Umrika and The Wednesday Child sparkle at Cairo Fest
November 25 2015 12:46 AM
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A still from Umrika.

By Gautaman Bhaskaran


It is not always easy to recreate a period far gone by. But India’s Prashant Nair (Delhi in Day) does it quite convincingly in his second feature, Umrika. It competed with 15 other titles at the Cairo International Film Festival, which closed on November 20.
In a wonderfully refreshing story, Nair takes us to a remote village called Jitvapur in northern India, where a simple farming community lives in the 1970s and 1980s dreaming of Umrika or, well, America! The land, as the community feels and thinks, is where one can make pots of dollars, where women wear pants and even wrestle, and where men play football or drive fancy cars.
Interestingly, this is certainly the India that was in those days — when America was a bigger and better “Maya Nagari” than Bombay (as it was then known) was, and in a fable-like parting at the beginning, Prateik Babbar’s Udai bids an emotional goodbye to his family of father, mother and kid brother, Ramakant (who grows up to be actor Suraj Sharma, whose younger version we saw in Life of Pi).
But as days roll into weeks and months, and there is no news from Udai, the mother (Smita Tambe) begins to despair so much that her husband connives with a local postman to forge letters that seem to be arriving from the son — whose pictorial descriptions of the exotic land gladden the woman.
Many years later, when the father dies in an accident, a now grown-up Ramakant realises the trick his father had been playing, and the boy takes it upon himself to keep the game going. But he is also determined to find Udai and travels to Bombay, the exit port for America that he supposedly took.
Not always unpredictable, the plot veers into another alley in Bombay, and conveys with a sense of feel-good charm the moods and nuances of a struggle — first to keep a lie going and then to find a long lost sibling. And finally, to make a difficult move.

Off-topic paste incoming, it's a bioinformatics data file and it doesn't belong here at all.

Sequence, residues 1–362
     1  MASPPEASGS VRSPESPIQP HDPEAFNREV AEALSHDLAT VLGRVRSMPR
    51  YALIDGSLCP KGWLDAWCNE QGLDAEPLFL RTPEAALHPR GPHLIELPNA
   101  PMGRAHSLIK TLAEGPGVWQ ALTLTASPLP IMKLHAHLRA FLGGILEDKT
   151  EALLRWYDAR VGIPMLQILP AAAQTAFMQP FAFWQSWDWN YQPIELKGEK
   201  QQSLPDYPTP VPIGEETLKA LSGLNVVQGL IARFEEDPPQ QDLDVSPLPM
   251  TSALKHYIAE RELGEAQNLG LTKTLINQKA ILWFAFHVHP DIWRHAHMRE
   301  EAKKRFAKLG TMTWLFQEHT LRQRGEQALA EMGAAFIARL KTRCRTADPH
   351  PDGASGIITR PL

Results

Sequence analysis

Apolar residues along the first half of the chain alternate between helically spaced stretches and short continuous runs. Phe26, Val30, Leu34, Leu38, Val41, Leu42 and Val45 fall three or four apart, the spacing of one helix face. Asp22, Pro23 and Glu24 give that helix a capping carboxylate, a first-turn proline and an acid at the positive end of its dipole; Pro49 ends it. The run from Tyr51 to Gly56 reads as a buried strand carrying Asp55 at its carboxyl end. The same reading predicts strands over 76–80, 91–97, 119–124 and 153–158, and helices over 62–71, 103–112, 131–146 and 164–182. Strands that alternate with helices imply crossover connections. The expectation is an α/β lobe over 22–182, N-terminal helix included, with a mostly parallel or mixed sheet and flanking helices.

Despite some patchy stretches and uneven performances by Babbar, Nair’s directorial effort leaves one with a sense of satisfaction. Contributing to this is Tambe, who is really convincing as a mother pining for her favourite son, and Sharma, of course, who combines perplexity and ambition in a role that is perhaps his first in Bollywood.
Above all, Umrika is an extremely honest effort to portray an India that is warm and caring, not just impoverished and evil — as many movies from the country have been tempted to do. Nair’s Jitvapur and Bombay are no sorrowful spots, and happily, even mercifully, he presents a far more positive image than much of Indian art-house cinema has given us till date.
In a long chat with me at Cairo, Nair says that as a son of a diplomat and having lived abroad, he used to come down to India every summer. And it was those visits that left a strong impression in a young Nair. “It was this sense of nostalgia that I wanted to create in my film. It was also the time when the fascination for America was strongest,” he says.
This craze for America still exists, with many Indians wanting to make a living there. With foreign exchange no longer an impediment, more and more Indians go there to study or even work. So in a way, the movie may well appear as a starting point of a dream that continues to seduce so many Indians even now.